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Pangenome Analytics Reveal Two-Component Systems as Conserved Targets in ESKAPEE Pathogens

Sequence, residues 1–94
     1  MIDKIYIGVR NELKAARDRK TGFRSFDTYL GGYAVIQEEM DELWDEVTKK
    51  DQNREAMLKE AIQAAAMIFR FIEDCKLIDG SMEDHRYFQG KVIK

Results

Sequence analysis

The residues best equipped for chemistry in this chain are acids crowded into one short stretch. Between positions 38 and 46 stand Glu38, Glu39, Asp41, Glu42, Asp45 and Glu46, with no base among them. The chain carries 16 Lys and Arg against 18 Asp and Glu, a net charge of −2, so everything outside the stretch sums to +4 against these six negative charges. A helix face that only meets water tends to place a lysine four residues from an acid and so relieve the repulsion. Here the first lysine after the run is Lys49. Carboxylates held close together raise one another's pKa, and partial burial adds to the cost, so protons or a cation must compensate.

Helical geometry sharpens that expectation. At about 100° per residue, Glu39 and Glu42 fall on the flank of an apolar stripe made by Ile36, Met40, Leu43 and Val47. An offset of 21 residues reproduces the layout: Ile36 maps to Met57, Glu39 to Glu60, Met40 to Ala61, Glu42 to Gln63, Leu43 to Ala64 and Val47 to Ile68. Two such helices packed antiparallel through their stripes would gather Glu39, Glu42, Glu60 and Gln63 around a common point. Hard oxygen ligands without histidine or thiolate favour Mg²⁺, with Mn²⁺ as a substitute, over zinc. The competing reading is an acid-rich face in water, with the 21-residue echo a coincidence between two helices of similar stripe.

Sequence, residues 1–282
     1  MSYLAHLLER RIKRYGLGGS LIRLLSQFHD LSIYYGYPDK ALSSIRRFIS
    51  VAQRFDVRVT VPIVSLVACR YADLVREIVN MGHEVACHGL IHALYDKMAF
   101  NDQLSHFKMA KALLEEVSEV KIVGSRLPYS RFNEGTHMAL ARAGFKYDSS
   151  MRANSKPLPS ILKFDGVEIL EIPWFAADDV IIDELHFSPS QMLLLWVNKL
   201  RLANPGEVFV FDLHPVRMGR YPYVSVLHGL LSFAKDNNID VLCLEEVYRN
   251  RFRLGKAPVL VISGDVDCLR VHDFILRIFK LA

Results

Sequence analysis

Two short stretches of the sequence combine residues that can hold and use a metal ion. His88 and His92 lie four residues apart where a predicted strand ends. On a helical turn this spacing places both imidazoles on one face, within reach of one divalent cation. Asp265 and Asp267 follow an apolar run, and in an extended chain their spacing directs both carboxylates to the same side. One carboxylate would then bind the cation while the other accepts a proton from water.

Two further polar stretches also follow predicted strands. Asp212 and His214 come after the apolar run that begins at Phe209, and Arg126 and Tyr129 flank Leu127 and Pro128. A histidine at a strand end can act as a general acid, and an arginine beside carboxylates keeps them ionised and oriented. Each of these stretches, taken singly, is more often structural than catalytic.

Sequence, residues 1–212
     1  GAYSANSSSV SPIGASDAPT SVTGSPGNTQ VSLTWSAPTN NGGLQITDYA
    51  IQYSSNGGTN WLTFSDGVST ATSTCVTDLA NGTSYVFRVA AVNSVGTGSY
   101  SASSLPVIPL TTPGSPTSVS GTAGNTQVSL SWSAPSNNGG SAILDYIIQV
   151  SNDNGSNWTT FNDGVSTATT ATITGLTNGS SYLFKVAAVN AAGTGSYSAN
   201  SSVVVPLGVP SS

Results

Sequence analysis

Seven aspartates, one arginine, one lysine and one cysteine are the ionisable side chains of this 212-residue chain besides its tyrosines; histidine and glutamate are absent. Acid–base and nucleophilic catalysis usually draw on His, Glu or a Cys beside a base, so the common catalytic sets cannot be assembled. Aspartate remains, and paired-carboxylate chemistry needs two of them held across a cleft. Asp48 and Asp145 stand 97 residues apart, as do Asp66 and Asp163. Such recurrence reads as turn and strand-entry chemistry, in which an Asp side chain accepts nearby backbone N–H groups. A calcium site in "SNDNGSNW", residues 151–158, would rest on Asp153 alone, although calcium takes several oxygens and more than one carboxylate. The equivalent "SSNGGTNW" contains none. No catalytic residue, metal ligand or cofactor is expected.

The two-component system (TCS) helps bacteria sense and respond to environmental stimuli through histidine kinases and response regulators. TCSs are the largest family of multistep signal transduction processes, and they are involved in many important cellular processes such as antibiotic resistance, pathogenicity, quorum sensing, osmotic stress, and biofilms. Here, we perform the first comprehensive study to highlight the role of TCSs as potential drug targets against ESKAPEE (Enterococcus faecium, Staphylococcus aureus, Klebsiella pneumoniae, Acinetobacter baumannii, Pseudomonas aeruginosa, Enterobacter spp., and Escherichia coli) pathogens through annotation, mapping, pangenomic status, gene orientation, and sequence variation analysis. The distribution of the TCSs is group specific with regard to Gram-positive and Gram-negative bacteria, except for KdpDE. The TCSs among ESKAPEE pathogens form closed pangenomes, except for Pseudomonas aeruginosa Furthermore, their conserved nature due to closed pangenomes might make them good drug targets. Fitness score analysis suggests that any mutation in some TCSs such as BaeSR, ArcBA, EvgSA, and AtoSC, etc., might be lethal to the cell. Taken together, the results of this pangenomic assessment of TCSs reveal a range of strategies deployed by the ESKAPEE pathogens to manifest pathogenicity and antibiotic resistance. This study further suggests that the conserved features of TCSs might make them an attractive group of potential targets with which to address antibiotic resistance.IMPORTANCE The ESKAPEE pathogens are the leading cause of health care-associated infections worldwide. Two-component systems (TCSs) can be used as effective targets against pathogenic bacteria since they are ubiquitous and manage various vital functions such as antibiotic resistance, virulence, biofilms, quorum sensing, and pH balance, among others. This study provides a comprehensive overview of the pangenomic status of the TCSs among ESKAPEE pathogens. The annotation and pangenomic analysis of TCSs show that they are significantly distributed and conserved among the pathogens, as most of them form closed pangenomes. Furthermore, our analysis also reveals that the removal of the TCSs significantly affects the fitness of the cell. Hence, they may be used as promising drug targets against bacteria.

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